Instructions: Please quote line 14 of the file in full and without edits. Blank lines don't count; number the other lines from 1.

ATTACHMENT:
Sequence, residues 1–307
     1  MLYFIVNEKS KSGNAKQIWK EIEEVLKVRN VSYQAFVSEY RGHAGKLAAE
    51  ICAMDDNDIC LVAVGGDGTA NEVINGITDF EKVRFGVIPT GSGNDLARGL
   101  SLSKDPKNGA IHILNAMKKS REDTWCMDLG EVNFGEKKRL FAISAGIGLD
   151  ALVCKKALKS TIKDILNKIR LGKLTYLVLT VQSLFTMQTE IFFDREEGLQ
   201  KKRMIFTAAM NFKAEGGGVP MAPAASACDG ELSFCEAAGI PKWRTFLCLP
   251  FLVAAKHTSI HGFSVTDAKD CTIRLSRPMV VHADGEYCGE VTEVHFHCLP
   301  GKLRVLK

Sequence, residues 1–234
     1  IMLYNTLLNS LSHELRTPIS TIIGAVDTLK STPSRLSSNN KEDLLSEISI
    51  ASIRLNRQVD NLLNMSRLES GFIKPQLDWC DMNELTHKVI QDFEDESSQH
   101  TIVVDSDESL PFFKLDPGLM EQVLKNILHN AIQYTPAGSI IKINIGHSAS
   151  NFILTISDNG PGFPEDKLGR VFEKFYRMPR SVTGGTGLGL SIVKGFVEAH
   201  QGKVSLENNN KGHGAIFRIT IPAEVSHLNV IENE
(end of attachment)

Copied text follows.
   201  QGKVSLENNN KGHGAIFRIT IPAEVSHLNV IENE